Have you ever wondered how tornadoes form, or what drives the Gulf Stream and how the current may or may not be affected by climate change, or why the weather in the tropics is usually dull compared to the stormy mid-latitudes, or what sets the tracks of hurricanes? The physics behind all of these phenomena is strongly influenced by the Earth’s rotation.
In this seminar we will explore this physics experientially using rotating tanks of water. You will get your own small turntable to perform experiments both in-class and for your assignments. We will introduce different flow phenomena, from tornado formation to hurricane propagation each week and we will design experiments to simulate them. The experiments, like the oceanic and atmospheric motions they are simulating, can be visually stunning, like pieces of fluid artwork, and we will learn various visualization techniques to draw out their beauty. You will document your experiments by recording videos and writing reports. In doing so you will practice the scientific method while gaining an understanding and appreciation for how the ocean and atmosphere work.
Meet the Instructor: Leif Thomas
"My field of study is physical oceanography, which combines my love for the ocean and fascination with fluid dynamics. I studied Physics as an undergrad at the University of California Santa Barbara, where I worked in a fluid dynamics lab and was first introduced to fluid experiments and studied pattern formation in convection. During my Ph.D. in Physical Oceanography at the University of Washington, I was introduced to experiments with rotating fluids in Peter Rhines’ lab, which I not only found inspiring and beautiful, but continue to use for teaching concepts related to the ocean and atmospheric circulation.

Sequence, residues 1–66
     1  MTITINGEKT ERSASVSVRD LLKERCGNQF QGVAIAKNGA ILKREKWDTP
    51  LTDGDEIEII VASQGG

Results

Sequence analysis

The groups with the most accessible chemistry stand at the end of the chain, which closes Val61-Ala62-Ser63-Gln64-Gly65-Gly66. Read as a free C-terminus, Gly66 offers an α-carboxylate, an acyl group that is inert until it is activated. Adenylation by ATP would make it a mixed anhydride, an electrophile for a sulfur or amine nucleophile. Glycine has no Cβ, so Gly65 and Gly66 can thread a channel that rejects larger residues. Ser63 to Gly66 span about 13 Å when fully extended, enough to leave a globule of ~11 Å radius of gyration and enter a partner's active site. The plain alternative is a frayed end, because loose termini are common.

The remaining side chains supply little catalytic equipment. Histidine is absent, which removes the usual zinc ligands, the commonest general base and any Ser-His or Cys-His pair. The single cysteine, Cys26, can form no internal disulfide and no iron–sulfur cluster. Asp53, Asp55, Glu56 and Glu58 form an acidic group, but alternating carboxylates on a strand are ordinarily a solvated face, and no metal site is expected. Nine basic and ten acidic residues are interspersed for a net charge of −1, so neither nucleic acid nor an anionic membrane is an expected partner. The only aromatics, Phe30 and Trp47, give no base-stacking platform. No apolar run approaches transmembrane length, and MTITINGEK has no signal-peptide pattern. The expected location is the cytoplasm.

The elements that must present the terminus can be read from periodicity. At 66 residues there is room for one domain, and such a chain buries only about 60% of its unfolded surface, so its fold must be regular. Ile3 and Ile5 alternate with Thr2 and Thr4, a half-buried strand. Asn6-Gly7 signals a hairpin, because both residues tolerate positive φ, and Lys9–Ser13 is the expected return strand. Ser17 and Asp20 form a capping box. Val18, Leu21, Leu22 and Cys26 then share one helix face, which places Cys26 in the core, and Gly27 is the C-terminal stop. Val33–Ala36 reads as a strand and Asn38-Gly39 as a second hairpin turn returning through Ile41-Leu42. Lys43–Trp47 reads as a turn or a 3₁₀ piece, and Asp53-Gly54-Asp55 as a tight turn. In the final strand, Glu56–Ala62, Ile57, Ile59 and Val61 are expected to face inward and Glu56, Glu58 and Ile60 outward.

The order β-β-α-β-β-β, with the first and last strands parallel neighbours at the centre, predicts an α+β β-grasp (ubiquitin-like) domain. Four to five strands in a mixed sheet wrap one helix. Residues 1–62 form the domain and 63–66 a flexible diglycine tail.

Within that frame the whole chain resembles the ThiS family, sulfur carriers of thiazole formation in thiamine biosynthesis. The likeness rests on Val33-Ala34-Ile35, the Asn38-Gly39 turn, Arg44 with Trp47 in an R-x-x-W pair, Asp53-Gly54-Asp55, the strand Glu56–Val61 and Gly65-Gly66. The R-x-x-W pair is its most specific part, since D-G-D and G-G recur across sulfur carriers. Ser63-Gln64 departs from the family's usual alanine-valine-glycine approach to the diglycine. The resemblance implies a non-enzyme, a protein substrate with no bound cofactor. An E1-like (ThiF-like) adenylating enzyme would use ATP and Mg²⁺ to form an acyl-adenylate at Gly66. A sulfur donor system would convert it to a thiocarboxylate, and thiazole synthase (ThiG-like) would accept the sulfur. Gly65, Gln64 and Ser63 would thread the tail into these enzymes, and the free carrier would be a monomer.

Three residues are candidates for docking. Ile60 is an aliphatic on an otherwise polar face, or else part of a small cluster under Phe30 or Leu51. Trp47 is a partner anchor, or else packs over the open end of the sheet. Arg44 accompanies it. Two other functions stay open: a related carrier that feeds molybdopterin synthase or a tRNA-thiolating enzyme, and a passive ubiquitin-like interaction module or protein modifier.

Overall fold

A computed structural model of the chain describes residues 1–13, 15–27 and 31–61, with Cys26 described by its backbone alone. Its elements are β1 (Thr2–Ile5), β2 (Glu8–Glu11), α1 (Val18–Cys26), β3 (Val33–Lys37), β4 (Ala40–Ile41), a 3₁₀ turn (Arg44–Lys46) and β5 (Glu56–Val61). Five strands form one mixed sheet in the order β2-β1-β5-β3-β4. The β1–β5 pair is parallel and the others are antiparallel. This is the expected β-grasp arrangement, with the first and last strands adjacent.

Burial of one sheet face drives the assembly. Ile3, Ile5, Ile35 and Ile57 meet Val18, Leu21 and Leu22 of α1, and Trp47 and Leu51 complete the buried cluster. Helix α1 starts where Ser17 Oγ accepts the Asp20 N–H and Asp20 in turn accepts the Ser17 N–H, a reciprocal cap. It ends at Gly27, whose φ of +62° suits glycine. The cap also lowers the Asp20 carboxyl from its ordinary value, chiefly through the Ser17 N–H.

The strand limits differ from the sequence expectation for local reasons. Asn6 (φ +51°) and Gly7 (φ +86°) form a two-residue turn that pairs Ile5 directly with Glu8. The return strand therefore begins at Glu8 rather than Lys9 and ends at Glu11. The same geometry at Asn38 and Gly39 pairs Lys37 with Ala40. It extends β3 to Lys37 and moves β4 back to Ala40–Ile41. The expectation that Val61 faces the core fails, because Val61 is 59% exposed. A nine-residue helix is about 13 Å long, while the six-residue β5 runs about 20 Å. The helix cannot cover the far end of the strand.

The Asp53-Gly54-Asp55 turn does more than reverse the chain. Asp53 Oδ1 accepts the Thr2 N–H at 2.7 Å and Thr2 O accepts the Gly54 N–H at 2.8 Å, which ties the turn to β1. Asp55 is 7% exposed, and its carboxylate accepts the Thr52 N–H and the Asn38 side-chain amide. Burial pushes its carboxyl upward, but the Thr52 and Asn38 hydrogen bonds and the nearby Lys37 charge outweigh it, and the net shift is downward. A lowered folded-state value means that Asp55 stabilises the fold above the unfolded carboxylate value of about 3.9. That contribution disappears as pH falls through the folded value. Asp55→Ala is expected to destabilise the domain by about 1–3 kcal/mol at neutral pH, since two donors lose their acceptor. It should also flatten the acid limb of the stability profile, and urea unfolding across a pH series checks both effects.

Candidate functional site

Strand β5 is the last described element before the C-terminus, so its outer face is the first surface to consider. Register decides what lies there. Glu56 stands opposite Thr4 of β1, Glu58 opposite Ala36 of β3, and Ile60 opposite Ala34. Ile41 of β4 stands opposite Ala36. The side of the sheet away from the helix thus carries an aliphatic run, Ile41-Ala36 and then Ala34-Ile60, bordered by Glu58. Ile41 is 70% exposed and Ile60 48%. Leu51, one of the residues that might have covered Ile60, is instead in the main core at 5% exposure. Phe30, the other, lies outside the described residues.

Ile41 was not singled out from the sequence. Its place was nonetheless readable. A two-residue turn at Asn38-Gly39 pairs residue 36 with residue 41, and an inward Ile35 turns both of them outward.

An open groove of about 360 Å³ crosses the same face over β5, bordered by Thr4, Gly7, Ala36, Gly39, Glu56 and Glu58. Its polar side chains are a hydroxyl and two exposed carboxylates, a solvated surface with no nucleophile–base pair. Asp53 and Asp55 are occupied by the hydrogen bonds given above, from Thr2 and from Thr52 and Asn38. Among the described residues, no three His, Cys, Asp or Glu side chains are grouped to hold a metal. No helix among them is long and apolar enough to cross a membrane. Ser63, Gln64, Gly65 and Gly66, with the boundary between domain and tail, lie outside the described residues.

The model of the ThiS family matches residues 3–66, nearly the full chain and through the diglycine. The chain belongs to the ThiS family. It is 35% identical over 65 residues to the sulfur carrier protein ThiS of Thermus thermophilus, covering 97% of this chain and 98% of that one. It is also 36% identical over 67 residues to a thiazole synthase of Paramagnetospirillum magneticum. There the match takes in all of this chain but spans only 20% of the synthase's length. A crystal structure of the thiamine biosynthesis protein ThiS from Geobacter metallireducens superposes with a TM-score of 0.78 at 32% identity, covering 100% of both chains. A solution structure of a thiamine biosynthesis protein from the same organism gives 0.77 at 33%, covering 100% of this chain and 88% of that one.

"Before joining the Stanford faculty, I was an Assistant Scientist in the Department of Physical Oceanography of the Woods Hole Oceanographic Institution. My research focuses on understanding the dynamics of highly energetic currents like the Gulf Stream and the turbulence that they produce. The research involves a combination of theory, numerical modeling, and analyses of observations oftentimes collected during rough weather and high seas when these currents are most turbulent."